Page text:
If Modric led an ensemble performance, De Jong conducted England all by himself in Guimaraes a year later. The Barcelona midfielder made 104 passes over the course of 120 minutes, with England's starting midfielders Declan Rice, Fabian Delph and Ross Barkley managing 54, 24 and 56. Only Barkley saw the final whistle, while De Jong's passing accuracy of 96.2 per cent was almost identical to Rice (96.3) at nearly twice the output.

Paired with Leeds United's Kalvin Phillips, Rice had another tall task when taking on Jorginho and Verratti. Once again, it was a case of England chasing around after accomplished technicians.

Paris Saint-Germain's Verratti was in majestic form as he turned the contest in the Azzurri's favour. Of his 118 passes, 111 were successful and 72 came in the England half. Chelsea's Jorginho was similarly efficient with 94 out of 98 completed. Even allowing for Rice's 74th-minute substitution, the Opta statistics for himself (33 passes, 25 completed) and Phillips (39 passes, 30 completed) tell the story of their and England's night.

 

No passing, please, we're English

Despite the weekend sense of déjà vu, it is only fair to credit England with progress when coming up against technically superior midfields.

They gained a measure of revenge against Croatia, who they also beat en route to their Nations League date with the Netherlands, during the group stage and similarly shackled Germany – Toni Kroos, Leon Goretzka, Kai Havertz and all – in a 2-0 last-16 win.

As he did against Die Mannschaft, Southgate switched to a 3-4-3 for Italy and the formation initially overwhelmed Mancini's men, who were attacked repeatedly down their flanks.

This served to remove Italy's midfield superiority as a major factor in the contest until after half-time. Some have criticised Southgate for not being pro-active when the tide began to turn, failing to send on attacking threats such as Jadon Sancho and Jack Grealish to give the Azzurri new and different problems.

While those suggestions are valid, it is also fair to ponder whether England would simply have had fresh-legged spectators to the Verratti-Jorginho show. Studying data from the Premier League and across Europe's major divisions this season, it can be concluded that changing formation, funnelling play out wide and pressing judiciously are all work-arounds Southgate and his coaching team have developed for a problem to which they don't have a direct remedy.

 

In England's top flight in 2020-21, Manchester City's Rodri averaged the most passes per 90 minutes of midfielders to have made 20 or more appearances with 91.24. Next on the list were Chelsea's Mateo Kovacic (87.23), Liverpool's Thiago Alcantara (83.32) and Manchester United's Nemanja Matic (83.05), with Jorginho rounding out the top five on 79.68.

Considering players who featured at least 25 times in all competitions across the big five leagues, Verratti comes in second with a fairly absurd 96.86, from Sergio Busquets (94.63), Rodri and Kroos (88.37).

Miralem Pjanic's debut season at Barcelona was an utterly forgettable affair and one that could not be saved by him tiki-takaing himself to a standstill with 104.29 passes every 90 minutes. High passing numbers do not always mean a stand-out performer but illustrate a certain type of player – a type not readily available to Southgate.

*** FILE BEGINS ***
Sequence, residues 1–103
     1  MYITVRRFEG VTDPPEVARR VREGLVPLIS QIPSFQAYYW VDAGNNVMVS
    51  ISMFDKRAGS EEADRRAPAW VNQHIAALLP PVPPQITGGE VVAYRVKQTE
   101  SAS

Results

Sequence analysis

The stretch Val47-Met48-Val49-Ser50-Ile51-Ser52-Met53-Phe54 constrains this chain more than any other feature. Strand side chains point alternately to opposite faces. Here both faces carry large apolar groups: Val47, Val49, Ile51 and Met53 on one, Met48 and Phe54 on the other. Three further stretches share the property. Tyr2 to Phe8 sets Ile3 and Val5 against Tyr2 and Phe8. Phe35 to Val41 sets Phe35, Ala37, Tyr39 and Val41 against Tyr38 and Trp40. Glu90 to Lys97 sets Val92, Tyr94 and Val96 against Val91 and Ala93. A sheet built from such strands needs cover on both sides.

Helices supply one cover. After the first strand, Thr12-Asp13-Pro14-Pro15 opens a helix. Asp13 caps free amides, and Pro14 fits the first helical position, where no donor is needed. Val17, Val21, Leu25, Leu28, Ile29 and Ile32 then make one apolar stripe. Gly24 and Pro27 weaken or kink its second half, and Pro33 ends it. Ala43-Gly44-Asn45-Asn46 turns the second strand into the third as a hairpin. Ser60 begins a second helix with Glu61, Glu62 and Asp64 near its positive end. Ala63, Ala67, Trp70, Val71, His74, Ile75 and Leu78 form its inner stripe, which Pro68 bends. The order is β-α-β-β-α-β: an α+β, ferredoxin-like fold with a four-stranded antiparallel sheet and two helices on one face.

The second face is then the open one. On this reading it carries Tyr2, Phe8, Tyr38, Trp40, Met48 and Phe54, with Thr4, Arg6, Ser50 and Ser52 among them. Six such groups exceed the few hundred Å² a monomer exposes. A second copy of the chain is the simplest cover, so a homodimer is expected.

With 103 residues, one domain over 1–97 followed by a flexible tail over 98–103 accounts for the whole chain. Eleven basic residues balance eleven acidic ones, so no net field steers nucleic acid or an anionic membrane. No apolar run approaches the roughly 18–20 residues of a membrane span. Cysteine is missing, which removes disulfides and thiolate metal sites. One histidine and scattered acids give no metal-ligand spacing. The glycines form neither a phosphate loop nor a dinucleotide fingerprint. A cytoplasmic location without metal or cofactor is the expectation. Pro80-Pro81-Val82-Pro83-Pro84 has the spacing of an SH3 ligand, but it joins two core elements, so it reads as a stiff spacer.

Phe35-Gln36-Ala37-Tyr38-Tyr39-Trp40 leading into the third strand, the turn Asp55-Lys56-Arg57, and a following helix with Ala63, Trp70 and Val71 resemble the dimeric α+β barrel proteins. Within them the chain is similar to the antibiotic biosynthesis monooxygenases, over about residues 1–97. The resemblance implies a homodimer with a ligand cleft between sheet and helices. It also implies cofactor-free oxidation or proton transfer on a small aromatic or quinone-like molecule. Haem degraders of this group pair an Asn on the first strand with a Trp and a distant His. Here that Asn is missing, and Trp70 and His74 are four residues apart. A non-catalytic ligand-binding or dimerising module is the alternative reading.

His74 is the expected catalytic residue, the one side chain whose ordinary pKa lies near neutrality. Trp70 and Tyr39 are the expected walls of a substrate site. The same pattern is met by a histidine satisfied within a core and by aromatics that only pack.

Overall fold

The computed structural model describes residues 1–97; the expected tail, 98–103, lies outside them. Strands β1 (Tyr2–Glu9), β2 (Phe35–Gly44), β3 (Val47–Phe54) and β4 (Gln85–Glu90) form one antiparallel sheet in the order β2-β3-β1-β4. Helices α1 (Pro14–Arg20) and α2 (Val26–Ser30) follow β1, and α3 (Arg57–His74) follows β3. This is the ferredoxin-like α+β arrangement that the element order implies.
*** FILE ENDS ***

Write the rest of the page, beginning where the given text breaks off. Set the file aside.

Discounting Henderson's 92.85 per 90, given he played so often in 2020-21 at centre-back (meaning he was also ruled out of the Premier League rankings, having finished top at 95.69 from 21 outings), you have to scroll a decent way down this Europe-wide list to find some English representation.

The Premier League supplied three of last season's four European finalists and all of Manchester City, Chelsea and Manchester United boasted brilliant English players who were pivotal to their success. But in each case, overseas players were entrusted with the midfield duties that generally undo England.

Yet, in some respects, Qatar 2022 is further away than it might seem. If Euro 2020 had actually taken place in 2020, it is more likely Shaw, Kyle Walker and John Stones would have missed out on the squad rather than made up three-quarters of Southgate's first-choice defence. Bukayo Saka, Phil Foden, Reece James, Conor Coady, Jude Bellingham, Dominic Calvert-Lewin, Phillips and Grealish had not made their international debuts this time last year.

A lot can change between then and now, so who might emerge as a king of control for Southgate?

 

A nudge from Winks? Skipp to it?

The highest ranked English midfielder on the top-five leagues list is Tottenham's Harry Winks, who averaged 71.47 passes every 90 minutes over the course of 28 appearances.

Only 15 of those were in the Premier League and nine were starts. Getting regular football, largely due to a succession of injury problems, has been a problem for the 25-year-old, who is now being linked with a move away from Spurs.

However, Southgate is a fan and is responsible for giving Winks all 10 of his England caps to date. A Shaw-style renaissance is certainly possible.

One factor that might cause him to seek pastures new is Oliver Skipp's return to Tottenham from a successful loan spell at Norwich City.

While helping the Canaries to promotion from the Championship, the 20-year-old averaged 58.52 passes per 90. Nowhere near the towering numbers posted by Europe's best but the third highest among midfielders to have played 30 or more times in a competition of a very different nature.

Skipp has represented England at under-21 level and the pathway from there to the seniors is clear in the Southgate era.